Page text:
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How To Fix Over Half Of Your Computer Problems Yourself – Reboot

Does This Sound Familiar?

You’ve been working diligently.  You’re in the zone.  Suddenly, your computer grinds to a halt and you are left with a non-responsive operating system.  Your mouse and keyboard are useless, and from your speakers erupts a funny, skipping sound where once music emerged.  The last thing you want to do is reboot.

Frantically you call IT support in search of the quickest, easiest and most effective fix available.  And then they say it…

“Have you rebooted your computer?”

You’re not sure why, but you are annoyed.  After all, what the heck do you pay IT for anyway?  Rebooting is not fixing, it’s not diagnosing and it is not a new idea!  You’re right, it’s none of these things.  But, it just so happens, more often than not, it works.

You see, IT troubleshooting begins with the reboot.  Why?  Because over half of the technical issues require nothing more than a reboot to fix.  Why is that?  Because most technical and performance issues are caused a lack of system resources (RAM, CPU), conflicts where one program or process interrupts another program or process, or problems were a vital piece of hardware stops working.  All of which are easily fixable with a simple reboot.

This does not only apply to Windows PCs.  Other devices that may encounter critical errors and need reboots are Mac desktops and laptops, Android and iOS phones, wireless routers, switches, firewalls and servers.  Even applications sometimes need a reboot to work properly, as we saw in the past with the Firefox browser for both Windows and Mac.  Firefox tended to use up more and more available RAM over time until there was no RAM left.  One easy way to cure it was to restart it.

IT Suggests a Reboot, User Gets Mad

If reboots are so effective, why does suggesting a reboot make people so unhappy?  Here are some possible explanations:

  1. It’s too easy! – People want their issue to be treated with the level of severity it deserves.  Suggesting a reboot seems to have the unintended effect of diminishing the seriousness of the issue.  Regardless of whether it is the easiest and most effective way of getting a user back up and running, it tends to rub people the wrong way.
  2. We tend to say it endlessly! – And sometimes we say it in a way that suggests that you know you should have done it before making the phone call, but you didn’t.  It is easily the phrase that I have spoken the most over my career.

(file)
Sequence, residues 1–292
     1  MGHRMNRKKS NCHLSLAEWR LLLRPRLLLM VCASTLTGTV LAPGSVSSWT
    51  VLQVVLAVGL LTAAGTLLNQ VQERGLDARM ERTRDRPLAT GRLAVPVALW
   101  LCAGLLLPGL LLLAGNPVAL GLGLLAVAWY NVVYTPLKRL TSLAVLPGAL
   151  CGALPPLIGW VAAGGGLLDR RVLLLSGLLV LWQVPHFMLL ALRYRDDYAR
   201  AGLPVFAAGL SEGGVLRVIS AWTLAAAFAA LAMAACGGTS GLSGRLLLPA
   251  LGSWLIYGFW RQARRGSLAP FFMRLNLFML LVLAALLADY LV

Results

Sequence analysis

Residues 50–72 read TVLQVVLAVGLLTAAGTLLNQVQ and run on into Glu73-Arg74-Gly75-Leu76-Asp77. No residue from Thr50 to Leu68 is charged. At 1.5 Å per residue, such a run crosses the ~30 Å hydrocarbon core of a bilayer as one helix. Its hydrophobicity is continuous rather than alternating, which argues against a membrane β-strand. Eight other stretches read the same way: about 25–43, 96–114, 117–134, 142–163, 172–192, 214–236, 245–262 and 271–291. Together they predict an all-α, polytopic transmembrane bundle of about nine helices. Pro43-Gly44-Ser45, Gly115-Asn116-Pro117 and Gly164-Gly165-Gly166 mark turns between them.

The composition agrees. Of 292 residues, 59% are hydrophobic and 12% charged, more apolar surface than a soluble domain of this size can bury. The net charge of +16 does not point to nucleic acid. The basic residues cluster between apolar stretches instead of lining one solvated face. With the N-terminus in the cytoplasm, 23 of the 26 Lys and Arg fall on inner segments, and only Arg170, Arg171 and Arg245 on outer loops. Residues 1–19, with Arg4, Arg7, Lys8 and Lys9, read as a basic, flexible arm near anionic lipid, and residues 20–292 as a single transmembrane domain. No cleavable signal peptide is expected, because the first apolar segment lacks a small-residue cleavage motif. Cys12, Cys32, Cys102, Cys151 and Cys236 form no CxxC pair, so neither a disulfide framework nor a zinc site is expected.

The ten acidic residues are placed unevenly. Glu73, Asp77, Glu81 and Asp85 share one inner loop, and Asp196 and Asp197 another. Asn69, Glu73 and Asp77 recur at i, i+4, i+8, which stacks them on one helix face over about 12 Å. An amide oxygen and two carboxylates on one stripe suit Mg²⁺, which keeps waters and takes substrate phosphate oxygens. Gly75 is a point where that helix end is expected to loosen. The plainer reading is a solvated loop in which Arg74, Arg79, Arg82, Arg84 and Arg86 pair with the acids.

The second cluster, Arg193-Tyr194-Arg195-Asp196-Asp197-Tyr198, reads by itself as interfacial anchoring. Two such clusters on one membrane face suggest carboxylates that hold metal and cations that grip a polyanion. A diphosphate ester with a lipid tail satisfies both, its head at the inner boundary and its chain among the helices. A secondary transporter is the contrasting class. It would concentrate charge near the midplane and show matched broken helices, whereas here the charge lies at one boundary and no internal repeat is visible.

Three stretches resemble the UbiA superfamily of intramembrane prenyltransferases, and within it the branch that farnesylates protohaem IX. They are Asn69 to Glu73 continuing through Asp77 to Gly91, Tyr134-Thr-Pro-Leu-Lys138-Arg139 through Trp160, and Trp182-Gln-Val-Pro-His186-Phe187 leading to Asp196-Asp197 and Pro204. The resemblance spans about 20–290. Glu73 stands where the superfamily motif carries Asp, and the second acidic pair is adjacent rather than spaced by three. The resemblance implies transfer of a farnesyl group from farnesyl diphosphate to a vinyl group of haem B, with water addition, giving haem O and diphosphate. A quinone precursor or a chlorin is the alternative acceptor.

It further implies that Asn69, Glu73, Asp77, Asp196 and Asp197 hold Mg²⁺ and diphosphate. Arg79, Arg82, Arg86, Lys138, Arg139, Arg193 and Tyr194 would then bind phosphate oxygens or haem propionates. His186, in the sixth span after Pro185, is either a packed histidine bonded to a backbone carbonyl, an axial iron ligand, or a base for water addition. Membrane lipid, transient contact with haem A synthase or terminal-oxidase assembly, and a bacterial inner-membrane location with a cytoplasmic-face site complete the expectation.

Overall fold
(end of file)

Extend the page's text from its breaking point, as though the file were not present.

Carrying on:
3. Sometimes you’ve already tried it but it didn’t work! – Well, yes.  If a little over half of all support calls can be solved with a reboot, then a little under half require something more.  Perhaps you rebooted before making a support call and it didn’t work.  Now you have to answer this question AGAIN!?!?
  4. It seems like laziness! – But it isn’t.  The first thing any IT pro is going to do when facing problems on their own computer is reboot.
  5. You know how to use a computer and have a good idea how it is supposed to work! – Think about it.  When you call Optimum or Verizon for a problem with your internet connection, do you think twice when they ask you to reboot your modem or router?  No, you don’t and the reason is you don’t really understand the modem or router as well as you do your computer, which is like an extension of your brain and body.

Why Does It Work?

The simplest answer to this question is that the operating system of your device gets to a point where it cannot recover on its own.  It needs a fresh start.  Think of it this way: Image you are playing the piano.  In the first scenario, you are playing a difficult piece of music when all of a sudden you hit a wrong note.  It lasts for no more than a half second.  Although there has been an interruption in the flow of musical notes, you are able to easily recover from this error and finish the piece.  To most people, this error was imperceptible and did not detract from the integrity of the piece.  Small errors and interruptions like this happen all the time on your computer and your computer takes them in stride.

Now image you are playing the piano, and as you progress through the piece the phone rings, you forget the next section of music, and have to stop playing.  For some reason, this music you have played so many times before seems foreign to you.  After a good five minutes, you remember the chord structure and melody and feel silly for forgetting it.  At this point, do you continue where you left off five minutes ago, or do you start over?  After such a large interruption it makes more sense to restart.  There is no way to regain the continuity of the performance without starting from the beginning.  Same with computers.

Depending on a large variety of factors, your device might run into such a big problem that the only recourse is to restart.  After a restart, the code can begin again, hopefully without running into the same problem again.

Do We Really Need To Know?

Finally, rebooting is usually the easiest and fastest option for restoring hardware and software functionality.  Most of the time it doesn’t matter what caused the issue because it is expensive and time-consuming to find out.  If, however, after a reboot the problem happens again, then it is time to dig deep and use more advanced troubleshooting techniques.

When time and money are on the line, it doesn’t matter what’s causing an issue it if only happens once.  You need to get back to work, and a reboot is the shortest and most effective path.  So, next time your computer freezes up and stops working, give a reboot and see what happens.  You will be able to fix more than half of your computer issues all by yourself.